Use of personal trainers by kids on the rise - WJBF-TV ABC 6 Augusta-Aiken

Use of personal trainers by kids on the rise

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Some young athletes, like Jordan Bissett, dream big.

"Ever since I was about 7 years old, I always wanted to be a major league baseball player," Bissett said.

Others, like Kelsey Martinez, have a simple goal.

"I just want to compete," Martinez said, "I want to be in the game."

And to get in the game, no matter what the level, more and more young athletes are turning to personal trainers, and trend that is being seen nationally. The federal Bureau of Labor Statistics predicts jobs in the athletic training and exercise physiology field will grow 19 percent from 2012 to 2022.

Bissett plays baseball at Fuquay-Varina High School, where he's earned a scholarship to N.C. State University. He said that would not have been possible without a little help.

"I was only 140 pounds," Bissett said. "And since then, I've been working with a personal trainer for the past year, and I've gained 45 pounds."

Raul Santiago, who trains Bissett, tends to be more hands on than the average trainer.

Santiago said he goes to Bissett’s games, watches him in practice, and looks to give him feedback.

"I was a catcher and also a high school baseball coach, so I can kind of pinpoint what he needs to work on and just kind of bring that to the weight room," Santiago said.

Bissett said that all the work is worth it.

"I think this is really what it takes to get to the big leagues," Bissett said.

Milton Senter has coached for nearly 40 years. Last season he and Bissett helped the Bengals reach the 4-A state finals. Senter said when he first began coaching, players were a different breed.

"We called them farm strong," Senter said. "A lot of the kids worked on the farm. It was more of an agricultural area and they worked in the summer doing hard, physical labor. Their strength was more natural, so, there was very little in the way of weight lifting, personal training, training facilities. In fact, I don't remember any when I first began."

Senter said he played numerous sports growing up, and believes athletes today have a higher risk of burnout and injury when specializing in one. And while Senter said he believes a personal trainer would help reduce the risk of injury, he is still not a fan of the one-sport athlete.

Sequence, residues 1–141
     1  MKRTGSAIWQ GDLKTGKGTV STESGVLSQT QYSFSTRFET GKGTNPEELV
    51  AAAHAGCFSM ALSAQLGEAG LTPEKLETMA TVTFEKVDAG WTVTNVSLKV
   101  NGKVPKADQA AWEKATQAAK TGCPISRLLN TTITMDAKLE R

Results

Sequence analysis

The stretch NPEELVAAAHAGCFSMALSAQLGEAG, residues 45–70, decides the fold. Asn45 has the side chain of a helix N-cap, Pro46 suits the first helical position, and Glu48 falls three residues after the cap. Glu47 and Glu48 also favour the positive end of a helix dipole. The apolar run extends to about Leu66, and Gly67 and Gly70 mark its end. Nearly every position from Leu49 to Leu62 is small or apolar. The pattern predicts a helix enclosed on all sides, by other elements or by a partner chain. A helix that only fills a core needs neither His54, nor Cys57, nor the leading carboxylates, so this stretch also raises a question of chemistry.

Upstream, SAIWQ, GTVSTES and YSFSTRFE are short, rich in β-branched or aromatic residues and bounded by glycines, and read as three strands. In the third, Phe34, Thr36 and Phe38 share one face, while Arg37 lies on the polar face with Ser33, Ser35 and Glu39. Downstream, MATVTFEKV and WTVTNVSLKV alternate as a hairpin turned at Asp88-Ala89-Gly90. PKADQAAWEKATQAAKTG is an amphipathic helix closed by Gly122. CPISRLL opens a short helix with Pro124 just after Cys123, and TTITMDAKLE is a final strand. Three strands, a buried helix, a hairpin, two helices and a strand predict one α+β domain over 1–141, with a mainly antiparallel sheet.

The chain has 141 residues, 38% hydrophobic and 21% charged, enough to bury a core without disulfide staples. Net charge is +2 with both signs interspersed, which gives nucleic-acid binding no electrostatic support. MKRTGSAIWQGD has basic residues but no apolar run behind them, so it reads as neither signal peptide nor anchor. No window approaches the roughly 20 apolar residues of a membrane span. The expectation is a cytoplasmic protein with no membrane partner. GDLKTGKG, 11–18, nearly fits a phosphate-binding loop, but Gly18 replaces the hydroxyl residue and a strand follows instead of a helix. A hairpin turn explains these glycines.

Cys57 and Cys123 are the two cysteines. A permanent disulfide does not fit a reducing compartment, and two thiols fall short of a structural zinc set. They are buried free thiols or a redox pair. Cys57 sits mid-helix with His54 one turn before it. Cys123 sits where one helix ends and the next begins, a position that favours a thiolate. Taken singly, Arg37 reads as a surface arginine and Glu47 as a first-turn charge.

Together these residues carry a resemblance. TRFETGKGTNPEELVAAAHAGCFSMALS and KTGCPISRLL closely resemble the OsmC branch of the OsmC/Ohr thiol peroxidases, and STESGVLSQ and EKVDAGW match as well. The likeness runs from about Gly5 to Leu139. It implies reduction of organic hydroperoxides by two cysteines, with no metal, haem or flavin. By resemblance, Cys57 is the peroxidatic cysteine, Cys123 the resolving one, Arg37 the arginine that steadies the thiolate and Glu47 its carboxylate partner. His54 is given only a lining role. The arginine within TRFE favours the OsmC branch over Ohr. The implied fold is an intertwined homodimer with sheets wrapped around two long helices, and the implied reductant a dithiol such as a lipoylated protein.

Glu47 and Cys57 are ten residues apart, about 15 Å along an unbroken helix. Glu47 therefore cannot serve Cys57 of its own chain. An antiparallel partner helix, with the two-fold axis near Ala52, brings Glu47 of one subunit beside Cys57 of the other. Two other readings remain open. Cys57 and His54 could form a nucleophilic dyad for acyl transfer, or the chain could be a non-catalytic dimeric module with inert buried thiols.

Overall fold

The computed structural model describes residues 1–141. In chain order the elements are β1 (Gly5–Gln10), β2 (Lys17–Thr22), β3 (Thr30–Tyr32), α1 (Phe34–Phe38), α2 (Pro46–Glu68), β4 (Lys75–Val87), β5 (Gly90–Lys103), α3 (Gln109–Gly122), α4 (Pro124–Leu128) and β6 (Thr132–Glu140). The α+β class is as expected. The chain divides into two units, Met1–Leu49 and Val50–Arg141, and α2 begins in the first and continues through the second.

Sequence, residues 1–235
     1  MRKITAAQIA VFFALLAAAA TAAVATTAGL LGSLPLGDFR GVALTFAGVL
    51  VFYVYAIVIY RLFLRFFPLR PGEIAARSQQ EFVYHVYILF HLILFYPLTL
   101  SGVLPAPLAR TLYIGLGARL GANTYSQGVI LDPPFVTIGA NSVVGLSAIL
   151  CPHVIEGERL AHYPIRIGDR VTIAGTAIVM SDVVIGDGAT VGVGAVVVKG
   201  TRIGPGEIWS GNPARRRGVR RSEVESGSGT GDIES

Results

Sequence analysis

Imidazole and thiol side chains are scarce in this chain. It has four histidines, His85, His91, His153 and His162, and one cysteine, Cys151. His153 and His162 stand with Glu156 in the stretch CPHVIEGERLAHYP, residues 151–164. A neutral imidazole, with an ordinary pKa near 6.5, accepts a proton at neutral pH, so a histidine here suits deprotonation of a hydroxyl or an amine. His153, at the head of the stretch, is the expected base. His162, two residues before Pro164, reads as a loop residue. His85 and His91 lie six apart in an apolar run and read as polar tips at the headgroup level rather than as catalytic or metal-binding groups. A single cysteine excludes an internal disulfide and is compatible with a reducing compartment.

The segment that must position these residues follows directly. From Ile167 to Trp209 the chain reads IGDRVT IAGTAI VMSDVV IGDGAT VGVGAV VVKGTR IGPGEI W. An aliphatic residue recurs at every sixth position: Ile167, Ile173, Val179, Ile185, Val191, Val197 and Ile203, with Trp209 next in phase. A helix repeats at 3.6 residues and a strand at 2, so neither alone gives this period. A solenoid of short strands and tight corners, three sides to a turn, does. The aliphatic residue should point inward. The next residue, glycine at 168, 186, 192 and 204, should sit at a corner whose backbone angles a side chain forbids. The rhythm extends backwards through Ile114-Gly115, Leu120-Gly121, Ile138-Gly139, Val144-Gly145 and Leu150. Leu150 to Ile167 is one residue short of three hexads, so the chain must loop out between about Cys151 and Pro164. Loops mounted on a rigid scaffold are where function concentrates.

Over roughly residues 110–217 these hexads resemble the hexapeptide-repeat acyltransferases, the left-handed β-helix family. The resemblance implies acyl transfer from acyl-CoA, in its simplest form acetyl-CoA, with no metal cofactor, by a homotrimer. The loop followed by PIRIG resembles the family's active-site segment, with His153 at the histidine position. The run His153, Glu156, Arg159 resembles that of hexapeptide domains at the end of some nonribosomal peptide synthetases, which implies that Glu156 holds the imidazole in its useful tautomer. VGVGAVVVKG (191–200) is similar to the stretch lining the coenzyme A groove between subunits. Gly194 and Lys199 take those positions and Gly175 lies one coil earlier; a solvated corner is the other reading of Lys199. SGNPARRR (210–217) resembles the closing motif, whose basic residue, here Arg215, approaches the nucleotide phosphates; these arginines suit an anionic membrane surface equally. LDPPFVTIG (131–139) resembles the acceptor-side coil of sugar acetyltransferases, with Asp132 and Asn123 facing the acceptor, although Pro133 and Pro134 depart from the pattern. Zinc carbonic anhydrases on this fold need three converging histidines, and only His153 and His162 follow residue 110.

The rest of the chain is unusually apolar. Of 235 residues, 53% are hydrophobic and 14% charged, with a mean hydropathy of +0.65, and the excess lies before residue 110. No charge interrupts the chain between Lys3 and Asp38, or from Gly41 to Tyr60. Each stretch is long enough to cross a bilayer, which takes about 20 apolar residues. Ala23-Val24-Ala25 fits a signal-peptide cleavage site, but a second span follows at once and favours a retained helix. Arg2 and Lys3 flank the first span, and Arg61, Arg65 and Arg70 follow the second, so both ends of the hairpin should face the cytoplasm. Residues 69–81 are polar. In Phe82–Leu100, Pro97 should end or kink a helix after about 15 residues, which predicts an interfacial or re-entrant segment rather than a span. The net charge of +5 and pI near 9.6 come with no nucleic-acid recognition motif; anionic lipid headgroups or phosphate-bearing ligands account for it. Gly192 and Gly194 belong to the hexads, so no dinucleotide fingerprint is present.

Neither is John Dill, who coaches cross-fit athletes, including some as young as 14.

"The longer you can, keep your young ones playing as many sports as possible," Dill said, "and see which ones they naturally gravitate to. Not only is that going to keep them happier, it will also lead them to be more successful because they'll gravitate to the one they're most passionate about, which will lead them to put in the work they need to put in to excel.”

One athlete who knows what she wants to do is 13-year-old Kelsey Martinez of Harnett Central Middle School.

"I want to play soccer and volleyball," Martinez said.

But first, she and Santiago, who also trains here, have a goal in mind.

"Losing at least 10 to 20 pounds in a matter of two to four months," Santiago said. "Just make sure she's feeling a lot better about herself, her self-esteem."

Twice a week, Martinez pushes to reach that goal, even if it means doing the one exercise that

"Stairs," Martinez said. "After like the fifth or sixth time, I get a little tired."

But for Martinez, it's all worth it. She's not looking to be a college athlete, but simply "someone who is playing soccer and volleyball, being the best person they can possibly be."

Sometimes it takes a little help to get there.

"Even the best athletes in the world have personal trainers, so why not you?" Santiago said.

"I mean this is really what it takes," Bissett said, "to be that good."

"You can do it," said Martinez, "you can do it."

The cost can be expensive, with sessions often running about $50 each and many kids working with a personal trainer twice a week.

Still, interest is growing – about 1 million Americans between the age of 6 and 17 have a personal trainer.

Copyright 2014 WNCN. All rights reserved.


* Bureau of Labor Statistics on athletic trainers

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